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Informal logic or non-formal logic is the study of arguments as presented in ordinary language, as contrasted with the presentations of arguments in an artificial, formal, or technical language (see formal logic). Johnson and Blair (1987) define informal logic as "a branch of logic whose task is to develop non-formal standards, criteria, procedures for the analysis, interpretation, evaluation, criticism and construction of argumentation in everyday discourse."
Opinion pieces of newspapers provide illustrative textbook examples of informal logic (Walton 1989), usually because these pieces are short and often fallacious. However, informal logic is also used to reason about events in the human and social sciences. In fact, most reasoning from known facts to unknown facts that uses natural language, even if combined with mathematical or statistical reasoning, can be regarded as an application of informal logic so long as it does not rely on additional empirical evidence.
Mathematics and the natural sciences[edit | edit source]
In mathematics the reasoning that occurs in proofs, though informal, is often regarded as a close approximation to a formal proof, that is, one which is carried out in a formal system of logic. Note that in practice, however, the separation between an informal mathematical proof and its formal idealization is so large that hardly anyone attempts to bridge that gap. This gap arises because most steps in informal proofs accumulate an enormous number of simple logical inferences, or other proof steps which are straightforward to most readers with enough mathematical experience. Moreover, many mathematical researchers regard proof as something other than a sequence of inference steps. Nevertheless, one of the goals of the Mizar project is to formalize the entire body of informal proofs of mathematics.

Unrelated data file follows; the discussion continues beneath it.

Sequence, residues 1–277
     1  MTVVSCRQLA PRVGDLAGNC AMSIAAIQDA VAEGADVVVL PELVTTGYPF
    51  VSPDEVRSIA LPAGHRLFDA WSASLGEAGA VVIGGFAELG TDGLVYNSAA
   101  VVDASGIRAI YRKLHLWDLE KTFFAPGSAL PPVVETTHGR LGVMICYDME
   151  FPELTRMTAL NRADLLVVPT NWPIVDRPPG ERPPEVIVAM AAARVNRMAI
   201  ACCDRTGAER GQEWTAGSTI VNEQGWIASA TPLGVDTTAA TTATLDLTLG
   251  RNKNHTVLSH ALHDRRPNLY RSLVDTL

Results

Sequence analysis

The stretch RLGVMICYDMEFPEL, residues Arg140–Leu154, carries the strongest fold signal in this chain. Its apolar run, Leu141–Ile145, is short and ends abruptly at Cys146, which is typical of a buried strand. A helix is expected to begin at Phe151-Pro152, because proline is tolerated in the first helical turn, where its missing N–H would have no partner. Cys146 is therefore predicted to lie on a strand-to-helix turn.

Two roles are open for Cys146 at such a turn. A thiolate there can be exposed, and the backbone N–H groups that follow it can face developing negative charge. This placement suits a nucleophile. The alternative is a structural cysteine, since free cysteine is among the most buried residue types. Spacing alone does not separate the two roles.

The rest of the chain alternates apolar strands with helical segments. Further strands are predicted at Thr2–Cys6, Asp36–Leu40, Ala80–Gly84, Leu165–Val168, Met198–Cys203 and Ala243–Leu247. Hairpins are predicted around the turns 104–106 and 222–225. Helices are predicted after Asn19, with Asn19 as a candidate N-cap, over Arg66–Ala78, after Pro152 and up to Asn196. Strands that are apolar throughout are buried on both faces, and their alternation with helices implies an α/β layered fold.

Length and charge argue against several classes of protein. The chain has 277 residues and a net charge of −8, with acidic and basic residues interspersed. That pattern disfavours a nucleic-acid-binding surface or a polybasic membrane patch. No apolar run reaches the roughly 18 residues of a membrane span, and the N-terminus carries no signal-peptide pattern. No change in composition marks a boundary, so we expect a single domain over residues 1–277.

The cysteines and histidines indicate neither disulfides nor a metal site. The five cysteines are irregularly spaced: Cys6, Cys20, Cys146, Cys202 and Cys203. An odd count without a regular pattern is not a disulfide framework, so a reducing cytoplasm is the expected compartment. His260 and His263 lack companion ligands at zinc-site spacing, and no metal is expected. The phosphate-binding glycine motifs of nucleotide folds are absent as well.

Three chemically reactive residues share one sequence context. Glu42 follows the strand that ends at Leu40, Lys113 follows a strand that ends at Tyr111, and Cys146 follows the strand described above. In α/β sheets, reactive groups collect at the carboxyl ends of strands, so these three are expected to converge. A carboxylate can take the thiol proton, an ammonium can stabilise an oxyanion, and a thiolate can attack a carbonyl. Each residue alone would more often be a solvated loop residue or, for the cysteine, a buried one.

In theoretical physics, arguments are used to derive new formulas or physical principles. These arguments often use mathematics, although in many cases the relations between assertions in a derivation contain mathematically serious gaps. Examples of these mathematical gaps are failure to prove convergence of an infinite series or an integral (or worse, rely on an expression whose value is known to be divergent) or ignoring quantities which are small in a limiting sense. Despite mathematical gaps, arguments used in physical derivations are generally considered to be valid arguments.
Social sciences[edit | edit source]
In the social sciences many arguments are based on applications of statistics to demonstrate correlation or lack thereof between sets of variables, such as levels of income and education, ethnicity and wealth and so on. Such arguments are based on theories of statistical hypothesis testing together with empirical data accumulated by polling, collection of historical records, long term studies etc. Econometrics is the branch of economics that applies statistics to economics. Besides statistics, economists use a wide variety of analytical tools, for example, calculus, qualitative reasoning about systems of equations, asymptotic analysis (theories of growth), and so on.
Law and politics[edit | edit source]
An extremely intricate form of reasoning is legal reasoning since it involves such considerations as legal precedent and existing law. The nature of the propositions used in legal reasoning is one of the concerns of legal theory.
References[edit | edit source]
- Johnson, Ralph H., and Blair, J. Anthony (1987), "The Current State of Informal Logic", Informal Logic, 9(2–3), 147–151.
- Walton, Douglas N. (1989), Informal Logic, A Handbook for Critical Argumentation, Cambridge University Press, Cambridge, UK.
Further reading[edit | edit source]
- Blair, J. Anthony, Hansen, Hans V., Johnson, Ralph H., and Tindale, Christopher (eds.), Informal Logic. (Journal of Record).
- Johnson, Ralph H., Manifest Rationality: A Pragmatic Theory of Argument, Lawrence Erlbaum, 2000.
- Johnson, Ralph H., and Blair, J. Anthony, "Logical Self-Defense", IDEA, 2006. First published, McGraw Hill Ryerson, Toronto, ON, 1997, 1983 (2e), 1993 (3e). Reprinted, McGraw Hill, New York, NY, 1994.
See also[edit | edit source]
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